Life is best lived small

Opinion: Columns

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By John Hubbuch

It has been said the central human predicament is that we humans want life to have more meaning than it actually possesses. I am of two minds about this tragicomic worldview.

On the one hand, I worry about missing out on bucket list stuff. My friends and family are traveling everywhere, going to trendy restaurants and doing cool things. I sometimes feel like I need to do more of these things. I ain't getting any younger. I do some of these things, but I fear the doors of experience are closing. The Great Wall of China, monarch viewing in Mexico, Alinea and shooting Colorado rapids are slipping away. Kind of sad.

But then I'm reminded that maybe life is best lived small. Two Fridays ago we were grandparenting Chris and Sarah's kids in Glen Ellyn while they went on a two-night getaway. There was still a couple of inches of melting snow on the ground and we had talked about going outside to play. After 11-year-old Lily and 8-year-old Ava got home from school, they joined Cole, their 4-year-old brother for a snack. They were now ambivalent about going outside in the growing darkness and lowering temperatures, but eventually I said I was going out no matter what.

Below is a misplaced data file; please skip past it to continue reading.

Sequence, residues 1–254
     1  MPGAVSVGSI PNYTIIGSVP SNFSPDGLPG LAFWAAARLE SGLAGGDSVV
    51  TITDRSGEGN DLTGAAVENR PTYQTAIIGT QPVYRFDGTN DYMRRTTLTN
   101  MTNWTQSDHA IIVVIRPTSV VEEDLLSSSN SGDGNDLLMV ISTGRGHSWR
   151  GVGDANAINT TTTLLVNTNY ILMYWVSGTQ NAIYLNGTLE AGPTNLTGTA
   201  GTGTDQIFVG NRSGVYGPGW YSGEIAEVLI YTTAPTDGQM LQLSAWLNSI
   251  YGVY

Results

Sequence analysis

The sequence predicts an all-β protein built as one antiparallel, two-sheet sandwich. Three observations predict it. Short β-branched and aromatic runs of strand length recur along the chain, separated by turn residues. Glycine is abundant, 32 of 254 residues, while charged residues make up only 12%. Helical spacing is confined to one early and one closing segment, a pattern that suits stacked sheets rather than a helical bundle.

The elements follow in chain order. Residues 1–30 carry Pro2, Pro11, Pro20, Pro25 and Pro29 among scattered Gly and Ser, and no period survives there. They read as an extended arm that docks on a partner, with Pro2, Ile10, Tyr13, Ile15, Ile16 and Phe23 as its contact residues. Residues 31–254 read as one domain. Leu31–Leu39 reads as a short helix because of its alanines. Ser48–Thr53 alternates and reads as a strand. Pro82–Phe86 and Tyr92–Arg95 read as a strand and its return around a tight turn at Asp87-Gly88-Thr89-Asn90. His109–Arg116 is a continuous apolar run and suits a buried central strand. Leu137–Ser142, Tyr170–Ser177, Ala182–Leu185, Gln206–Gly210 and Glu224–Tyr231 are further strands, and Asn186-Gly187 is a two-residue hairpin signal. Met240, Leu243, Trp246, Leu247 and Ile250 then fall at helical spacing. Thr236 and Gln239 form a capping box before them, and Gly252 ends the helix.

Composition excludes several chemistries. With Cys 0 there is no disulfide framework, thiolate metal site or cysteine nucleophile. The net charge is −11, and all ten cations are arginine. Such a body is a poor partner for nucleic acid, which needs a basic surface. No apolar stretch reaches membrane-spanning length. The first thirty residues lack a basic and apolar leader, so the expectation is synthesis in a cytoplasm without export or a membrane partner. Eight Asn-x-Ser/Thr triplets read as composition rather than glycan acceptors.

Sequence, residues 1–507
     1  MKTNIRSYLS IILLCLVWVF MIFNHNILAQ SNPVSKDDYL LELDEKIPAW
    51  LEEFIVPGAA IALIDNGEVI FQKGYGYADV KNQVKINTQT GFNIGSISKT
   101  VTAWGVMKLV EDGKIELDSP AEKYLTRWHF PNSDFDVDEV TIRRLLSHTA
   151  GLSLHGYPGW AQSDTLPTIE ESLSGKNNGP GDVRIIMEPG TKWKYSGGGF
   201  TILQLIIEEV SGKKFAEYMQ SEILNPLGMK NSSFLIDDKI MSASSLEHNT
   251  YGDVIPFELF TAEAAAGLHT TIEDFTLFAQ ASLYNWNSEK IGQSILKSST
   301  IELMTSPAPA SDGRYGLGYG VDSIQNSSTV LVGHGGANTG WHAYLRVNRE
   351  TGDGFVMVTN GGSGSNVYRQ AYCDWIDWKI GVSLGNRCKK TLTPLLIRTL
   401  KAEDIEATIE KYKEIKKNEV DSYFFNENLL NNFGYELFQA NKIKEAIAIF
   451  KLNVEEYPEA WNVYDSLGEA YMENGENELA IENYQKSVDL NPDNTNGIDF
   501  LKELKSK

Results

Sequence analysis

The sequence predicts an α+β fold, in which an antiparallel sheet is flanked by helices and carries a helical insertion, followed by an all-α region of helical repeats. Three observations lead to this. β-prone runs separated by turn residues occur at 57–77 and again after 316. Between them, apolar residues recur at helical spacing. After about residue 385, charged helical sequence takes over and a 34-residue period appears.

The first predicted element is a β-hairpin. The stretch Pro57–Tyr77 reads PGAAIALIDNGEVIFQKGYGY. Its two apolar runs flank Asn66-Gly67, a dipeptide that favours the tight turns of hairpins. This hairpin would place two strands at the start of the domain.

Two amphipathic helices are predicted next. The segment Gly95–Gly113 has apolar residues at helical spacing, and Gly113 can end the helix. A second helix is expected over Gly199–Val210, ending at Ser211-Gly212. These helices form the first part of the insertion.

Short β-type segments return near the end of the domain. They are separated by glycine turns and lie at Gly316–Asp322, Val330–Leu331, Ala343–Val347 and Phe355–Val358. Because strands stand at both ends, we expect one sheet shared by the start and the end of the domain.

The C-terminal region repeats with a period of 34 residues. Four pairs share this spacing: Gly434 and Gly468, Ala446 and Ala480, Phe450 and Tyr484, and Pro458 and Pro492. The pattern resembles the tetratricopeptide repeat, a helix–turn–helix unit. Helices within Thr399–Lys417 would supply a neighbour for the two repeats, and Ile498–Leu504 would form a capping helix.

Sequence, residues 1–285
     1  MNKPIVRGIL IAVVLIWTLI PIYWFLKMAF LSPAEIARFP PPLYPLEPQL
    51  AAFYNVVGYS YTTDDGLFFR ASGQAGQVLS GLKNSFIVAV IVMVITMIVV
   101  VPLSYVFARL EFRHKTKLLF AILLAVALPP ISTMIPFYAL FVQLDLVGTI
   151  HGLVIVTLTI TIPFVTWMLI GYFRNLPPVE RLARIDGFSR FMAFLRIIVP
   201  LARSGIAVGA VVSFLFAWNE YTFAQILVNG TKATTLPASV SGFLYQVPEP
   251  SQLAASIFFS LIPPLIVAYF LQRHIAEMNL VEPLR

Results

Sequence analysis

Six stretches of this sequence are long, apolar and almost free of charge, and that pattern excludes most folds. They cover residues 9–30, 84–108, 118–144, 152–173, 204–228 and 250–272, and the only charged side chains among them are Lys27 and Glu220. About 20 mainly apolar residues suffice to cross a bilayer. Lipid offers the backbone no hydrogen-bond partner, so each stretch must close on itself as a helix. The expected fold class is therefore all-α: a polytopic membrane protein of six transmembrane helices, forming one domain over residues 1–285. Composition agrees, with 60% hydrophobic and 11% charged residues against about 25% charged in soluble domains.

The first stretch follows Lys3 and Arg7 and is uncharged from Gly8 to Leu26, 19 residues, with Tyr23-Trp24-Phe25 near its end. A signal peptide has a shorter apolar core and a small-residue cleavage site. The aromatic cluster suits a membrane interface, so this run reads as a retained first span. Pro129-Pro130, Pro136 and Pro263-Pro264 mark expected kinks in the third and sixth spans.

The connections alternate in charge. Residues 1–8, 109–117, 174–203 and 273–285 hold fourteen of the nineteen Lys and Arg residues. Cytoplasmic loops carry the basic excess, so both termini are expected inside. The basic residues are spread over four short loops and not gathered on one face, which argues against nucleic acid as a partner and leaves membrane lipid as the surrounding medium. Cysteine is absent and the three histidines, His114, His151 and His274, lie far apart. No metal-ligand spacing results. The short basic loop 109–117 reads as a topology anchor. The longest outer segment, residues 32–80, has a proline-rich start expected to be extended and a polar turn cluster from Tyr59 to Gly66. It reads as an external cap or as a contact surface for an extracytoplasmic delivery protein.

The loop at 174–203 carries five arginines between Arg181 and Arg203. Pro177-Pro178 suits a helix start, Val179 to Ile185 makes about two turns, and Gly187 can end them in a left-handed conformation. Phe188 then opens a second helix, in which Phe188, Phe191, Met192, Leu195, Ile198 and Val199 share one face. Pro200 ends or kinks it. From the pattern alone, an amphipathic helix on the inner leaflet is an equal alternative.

So after rummaging around for snow boots, hats and gloves, like Shackleton exploring the Antarctic, we staggered out into the backyard. I knew immediately this was going to be a great adventure when Ava and Cole, first thing, began making snow angels.

Lily made a snow kangaroo that she morphed into a snow rabbit. Ava made a tiny snow chair, and Cole made something that only a Druid would appreciate.

Then we put snow on the slide and collected data on whether diminished friction increases speed. It does. We got Cole airborne, and Papa landed hard on his butt to the amusement of all, other than Papa.

Next we shoveled off the neighbor's trampoline and the kids played soccer and basketball and I served as announcer, coach and referee. Only two rules: no crying and no fighting.

By now we were tired, cold and hungry and Gigi said dinner would be ready shortly. We closed out with Ghost in the Graveyard. In the deepening darkness, it was easy to hide. It was kind of spooky. It took a while to find someone.

As I hid behind a big tree my mind wandered back to when I was a kid, then when I was a dad doing exactly the same thing I was doing now as a grandfather. It was a powerful moment for which I was grateful and appreciative.

So even if I never see the Pyramids or go to the Super Bowl, I will have had a wonderful, memorable time in the snow with my grandkids in Glen Ellyn, Illinois on a chilly November evening.

To be sure a small thing. But maybe that's enough.

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